Menu
Increasing Your Value to the Company

In these difficult and competitive economic times companies are always surveying their work force looking for somebody's butt to kick out the door to save labor costs. What will they see when they point the company elimination gun site at you? Will they see an expendable body, or will they see an employee who is too valuable to let go?

This article reveals five attributes that companies value, and having one or more of these traits gives you much higher job security than other employees who are just doing a good job.

Knowing Other Areas of the Company

Many workers just stick to their one little area of the company and if some work comes up that is outside that area or outside their job description they sing the old phrase "not my job". Successful employees are always scouting out other areas of the company, trying to figure out what they do, how they fit into the big picture.

Who do think is going to get laid off first, an employee that only knows their own little job, or an employee that the company can use flexibly and shift to other areas of the company if the need arises? When a company is trying to operate a minimal labor force, flexible employees that can be moved around the company are like gold. They are far too valuable to the company to let go.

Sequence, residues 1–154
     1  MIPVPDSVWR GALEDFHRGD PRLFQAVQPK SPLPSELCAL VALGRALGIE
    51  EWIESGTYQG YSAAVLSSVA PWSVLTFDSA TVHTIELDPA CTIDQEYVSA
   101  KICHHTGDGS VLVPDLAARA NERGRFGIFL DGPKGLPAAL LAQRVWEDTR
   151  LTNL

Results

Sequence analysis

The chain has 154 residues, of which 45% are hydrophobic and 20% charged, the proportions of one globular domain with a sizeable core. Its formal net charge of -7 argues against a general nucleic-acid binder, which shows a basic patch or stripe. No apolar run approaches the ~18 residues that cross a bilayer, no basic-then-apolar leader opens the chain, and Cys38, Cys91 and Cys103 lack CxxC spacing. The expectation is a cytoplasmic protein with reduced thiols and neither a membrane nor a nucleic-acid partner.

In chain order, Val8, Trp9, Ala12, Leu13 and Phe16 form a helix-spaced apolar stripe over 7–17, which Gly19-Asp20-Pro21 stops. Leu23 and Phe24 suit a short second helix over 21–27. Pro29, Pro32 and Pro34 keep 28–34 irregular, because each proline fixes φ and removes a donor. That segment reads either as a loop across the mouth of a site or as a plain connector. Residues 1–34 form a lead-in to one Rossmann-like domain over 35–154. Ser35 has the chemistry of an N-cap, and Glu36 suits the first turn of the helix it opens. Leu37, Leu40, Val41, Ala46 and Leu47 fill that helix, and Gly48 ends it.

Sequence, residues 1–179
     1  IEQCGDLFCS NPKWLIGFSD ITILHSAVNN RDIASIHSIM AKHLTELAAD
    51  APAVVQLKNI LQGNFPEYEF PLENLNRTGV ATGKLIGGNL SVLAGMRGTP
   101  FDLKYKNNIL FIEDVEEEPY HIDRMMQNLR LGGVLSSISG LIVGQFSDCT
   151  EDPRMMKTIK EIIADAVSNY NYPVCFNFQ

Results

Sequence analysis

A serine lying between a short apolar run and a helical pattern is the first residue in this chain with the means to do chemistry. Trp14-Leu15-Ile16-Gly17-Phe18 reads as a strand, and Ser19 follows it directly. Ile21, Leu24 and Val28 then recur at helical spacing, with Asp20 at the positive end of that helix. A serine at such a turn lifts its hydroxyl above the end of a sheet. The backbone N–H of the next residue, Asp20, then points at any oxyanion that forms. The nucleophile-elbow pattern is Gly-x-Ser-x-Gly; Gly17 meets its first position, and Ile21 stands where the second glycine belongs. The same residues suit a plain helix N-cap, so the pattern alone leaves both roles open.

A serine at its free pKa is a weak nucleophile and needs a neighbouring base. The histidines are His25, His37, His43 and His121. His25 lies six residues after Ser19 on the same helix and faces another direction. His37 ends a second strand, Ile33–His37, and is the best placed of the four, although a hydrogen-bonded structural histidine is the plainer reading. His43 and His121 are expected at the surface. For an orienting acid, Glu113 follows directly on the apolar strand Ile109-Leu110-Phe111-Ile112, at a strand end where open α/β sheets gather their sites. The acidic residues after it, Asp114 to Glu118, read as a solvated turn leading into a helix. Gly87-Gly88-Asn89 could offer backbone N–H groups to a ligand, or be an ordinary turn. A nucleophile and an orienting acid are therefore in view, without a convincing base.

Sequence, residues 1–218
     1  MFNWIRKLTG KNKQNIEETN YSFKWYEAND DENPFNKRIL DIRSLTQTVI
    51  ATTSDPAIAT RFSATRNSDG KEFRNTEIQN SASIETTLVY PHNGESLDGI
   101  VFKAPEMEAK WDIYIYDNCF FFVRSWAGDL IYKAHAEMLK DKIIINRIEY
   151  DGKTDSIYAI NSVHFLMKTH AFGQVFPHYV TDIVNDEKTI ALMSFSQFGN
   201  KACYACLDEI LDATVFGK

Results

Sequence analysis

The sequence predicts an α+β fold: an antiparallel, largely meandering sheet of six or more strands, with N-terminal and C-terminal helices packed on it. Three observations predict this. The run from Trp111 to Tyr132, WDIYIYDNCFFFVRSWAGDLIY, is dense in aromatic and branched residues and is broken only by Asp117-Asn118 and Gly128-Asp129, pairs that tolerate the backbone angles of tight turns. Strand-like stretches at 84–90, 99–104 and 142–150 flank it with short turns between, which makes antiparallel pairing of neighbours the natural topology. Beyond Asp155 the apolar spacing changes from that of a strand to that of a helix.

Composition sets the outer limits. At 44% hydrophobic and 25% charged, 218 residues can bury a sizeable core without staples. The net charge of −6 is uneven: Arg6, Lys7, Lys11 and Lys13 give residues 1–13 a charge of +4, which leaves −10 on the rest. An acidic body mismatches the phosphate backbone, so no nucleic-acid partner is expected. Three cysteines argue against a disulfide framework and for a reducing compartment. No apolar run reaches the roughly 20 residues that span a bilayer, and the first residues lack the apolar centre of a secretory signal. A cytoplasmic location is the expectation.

To learn about other areas of the company requires you make friends in other parts of the company and learn how they operate. If the work load in a different area of the company becomes too heavy, you can volunteer to give them a hand, either during your normal working hours, or for overtime pay.

Staying in one part of the company for your entire career can make you an expendable employee. Keep a watch on the company job board and if you see an interesting opportunity in another part of the company that would add to your knowledge of how the company operates, apply for that position. An employee who understand the company big picture are far too valuable to the company to let go.

Having Industry Knowledge

Today companies operate in a globally competitive market. If they don't keep up with what's going on in their market, what new technologies are coming online that might affect their business, they won't be in business long. That's why an employee with industry knowledge is too valuable to the company to let go.

How do you get industry knowledge? The first step is to read business magazines and/or business websites. Then there are trade magazines and trade websites. Most trade magazines require you to have purchasing influence or authority in order to subscribe to their publication. If you don't have purchasing influence or authority in your company, see if you can find someone who does and ask if you can borrow their trade magazines when they've finished reading them.